The Power of Teaching: A Gift That Gives Years Later

As a child growing up in New York City enrolled in the public school system, I changed schools at every level of education (i.e. Elementary, Middle and High school). This meant I sat in the classrooms of upwards of 50 different teachers. Some of these teachers I liked, while some less so. Then there were some who changed my life. The most prominent being my high school Global History teacher, Mr. Moscow. At the time, I did not realize how much of an impact he made on my life, but now, I can reflect on my one and a half years in his class and I see his influence. Mr. Moscow made me want to learn about anything and everything. In his class, my appetite for new knowledge could not be curbed. One of the most memorable and innovative assignments of Mr. Moscow’s class was his requirement to come to class each day having read the front page of the New York Times. While I definitely spent many mornings worrying about his infamous pop quizzes about the news, it was through this assignment that I first started reading about Palestine, which ultimately led me to apply for a fellowship at TYO in 2013. In considering my time as a student in his class in light of my last six months as a teacher with TYO, I have realized  the importance, impact, and need to invest in quality, caring teachers.


Across programs, TYO’s teachers are incredible. Be it the Core teachers of TYO’s Core Early Childhood Education program, the local interns of the Academic Support program, or the Teaching Fellows of the EFL program, all of the teachers demonstrate such care and commitment to their classrooms and act with incredible selflessness. As I walk down the hallway each day, I am inspired by countless instances of thoughtful teaching: I see Masa, an academic volunteer, holding a disabled student’s hand as they make their way to class together, I see Amy’s EFL class erupt with laughter while inventing a fantastic story, and I see the giggling students of Ahmad’s Core class as he playfully presents them with art supplies for a craft project. Just as these instances of inspired teaching continue to impact the students within TYO, they have impacted me: every day I aim to be the best teacher I can be for my students. The teachers at TYO also act as a reminder of what academic institutions around the world must strive for; although teaching English grammar or multiplication in math is important, being a teacher is about supporting your students growth as people, and inspiring them to be the best versions of themselves.  I know this is true because Mr. Moscow’s Global History class was just that for me. Yes, it was a time to learn about the Silk Road, but superseding this, it was a time to become a more thoughtful, intelligent, young woman.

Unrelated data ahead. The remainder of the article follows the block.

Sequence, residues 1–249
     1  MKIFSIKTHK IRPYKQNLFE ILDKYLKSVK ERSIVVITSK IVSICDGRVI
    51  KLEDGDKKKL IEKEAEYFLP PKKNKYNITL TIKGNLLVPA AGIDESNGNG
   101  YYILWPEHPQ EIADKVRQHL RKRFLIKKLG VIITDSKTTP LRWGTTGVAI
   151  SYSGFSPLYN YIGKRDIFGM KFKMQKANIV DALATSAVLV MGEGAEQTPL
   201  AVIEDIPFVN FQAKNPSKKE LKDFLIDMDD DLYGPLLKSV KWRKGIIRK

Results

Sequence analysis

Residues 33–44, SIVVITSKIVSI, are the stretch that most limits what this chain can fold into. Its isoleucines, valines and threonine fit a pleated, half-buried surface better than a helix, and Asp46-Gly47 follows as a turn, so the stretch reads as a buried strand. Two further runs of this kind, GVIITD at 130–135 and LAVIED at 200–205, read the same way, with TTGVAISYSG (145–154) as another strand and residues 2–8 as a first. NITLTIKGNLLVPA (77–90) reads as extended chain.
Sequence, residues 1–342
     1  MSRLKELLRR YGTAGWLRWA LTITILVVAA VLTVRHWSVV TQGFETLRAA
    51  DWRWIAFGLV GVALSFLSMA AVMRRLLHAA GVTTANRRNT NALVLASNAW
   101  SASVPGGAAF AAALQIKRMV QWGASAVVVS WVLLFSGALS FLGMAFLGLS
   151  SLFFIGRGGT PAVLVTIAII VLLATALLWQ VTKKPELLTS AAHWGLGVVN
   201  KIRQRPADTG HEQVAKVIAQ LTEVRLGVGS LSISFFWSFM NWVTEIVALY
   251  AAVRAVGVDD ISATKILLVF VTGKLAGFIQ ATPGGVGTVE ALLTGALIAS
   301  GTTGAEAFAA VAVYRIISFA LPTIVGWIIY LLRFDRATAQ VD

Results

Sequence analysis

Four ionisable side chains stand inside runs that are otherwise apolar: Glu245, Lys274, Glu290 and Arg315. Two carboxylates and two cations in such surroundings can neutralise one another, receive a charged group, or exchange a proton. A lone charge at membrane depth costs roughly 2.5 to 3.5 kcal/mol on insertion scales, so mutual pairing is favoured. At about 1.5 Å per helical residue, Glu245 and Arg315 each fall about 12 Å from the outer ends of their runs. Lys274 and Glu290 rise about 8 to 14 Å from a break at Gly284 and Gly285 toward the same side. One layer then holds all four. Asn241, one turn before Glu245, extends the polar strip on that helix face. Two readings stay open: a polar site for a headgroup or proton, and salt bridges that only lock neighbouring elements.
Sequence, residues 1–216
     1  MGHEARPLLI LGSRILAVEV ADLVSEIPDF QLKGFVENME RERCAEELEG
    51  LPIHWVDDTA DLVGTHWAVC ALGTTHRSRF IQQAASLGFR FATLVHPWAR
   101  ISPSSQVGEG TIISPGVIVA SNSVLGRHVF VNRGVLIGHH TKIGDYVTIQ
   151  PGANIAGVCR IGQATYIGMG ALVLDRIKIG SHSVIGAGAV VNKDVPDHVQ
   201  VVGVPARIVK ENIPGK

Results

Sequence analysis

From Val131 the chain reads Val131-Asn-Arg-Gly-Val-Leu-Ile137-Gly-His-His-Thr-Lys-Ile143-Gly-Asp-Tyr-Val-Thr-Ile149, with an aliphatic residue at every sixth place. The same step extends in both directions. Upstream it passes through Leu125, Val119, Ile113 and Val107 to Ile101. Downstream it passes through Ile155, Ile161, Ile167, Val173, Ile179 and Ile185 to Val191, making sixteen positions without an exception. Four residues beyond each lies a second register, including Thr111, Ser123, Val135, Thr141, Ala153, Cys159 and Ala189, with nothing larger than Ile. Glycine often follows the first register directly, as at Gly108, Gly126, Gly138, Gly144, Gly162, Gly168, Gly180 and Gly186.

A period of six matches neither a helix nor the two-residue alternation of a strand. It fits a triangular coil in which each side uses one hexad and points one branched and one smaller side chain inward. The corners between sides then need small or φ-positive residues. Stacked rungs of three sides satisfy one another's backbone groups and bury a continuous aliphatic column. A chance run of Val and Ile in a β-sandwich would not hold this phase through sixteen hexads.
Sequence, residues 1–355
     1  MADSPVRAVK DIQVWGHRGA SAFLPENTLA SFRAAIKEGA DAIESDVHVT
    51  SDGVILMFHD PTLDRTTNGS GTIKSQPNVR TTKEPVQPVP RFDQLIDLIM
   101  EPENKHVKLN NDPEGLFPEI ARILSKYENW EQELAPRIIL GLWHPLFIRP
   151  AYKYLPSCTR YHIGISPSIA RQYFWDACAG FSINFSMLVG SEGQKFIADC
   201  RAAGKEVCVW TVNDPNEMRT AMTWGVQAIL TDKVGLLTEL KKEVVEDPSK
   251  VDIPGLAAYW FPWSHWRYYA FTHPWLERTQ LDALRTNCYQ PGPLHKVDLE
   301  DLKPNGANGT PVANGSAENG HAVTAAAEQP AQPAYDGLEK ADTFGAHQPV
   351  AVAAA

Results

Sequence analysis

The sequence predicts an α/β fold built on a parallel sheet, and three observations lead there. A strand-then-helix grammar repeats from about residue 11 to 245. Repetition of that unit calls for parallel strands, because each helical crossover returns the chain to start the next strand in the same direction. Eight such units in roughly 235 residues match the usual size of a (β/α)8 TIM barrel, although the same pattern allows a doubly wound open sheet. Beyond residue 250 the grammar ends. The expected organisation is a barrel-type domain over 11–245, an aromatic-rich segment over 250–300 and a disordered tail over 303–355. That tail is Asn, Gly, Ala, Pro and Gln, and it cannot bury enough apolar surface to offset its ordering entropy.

So, as I prepare to leave TYO for the unforeseeable future, I cannot help but think back to my class with Mr. Moscow and feel immensely grateful for his efforts as a teacher, and think of the teachers within TYO and feel immensely hopeful. Each day the lives of humans, ranging from four years old to fifty years old, are being molded to create a more beautiful, peaceful world. I feel honored to have been surrounded by such caring teachers for the last six months, and I hope one day my students can look back and see a little bit of Mr. Moscow in me.

- Kyra, Summer 2016 EFL Fellow

The English as a Foreign Language (EFL) program is part of STEP! II, a youth employability, empowerment, and community leadership initiative supported by Abdul Hameed Shoman Foundation.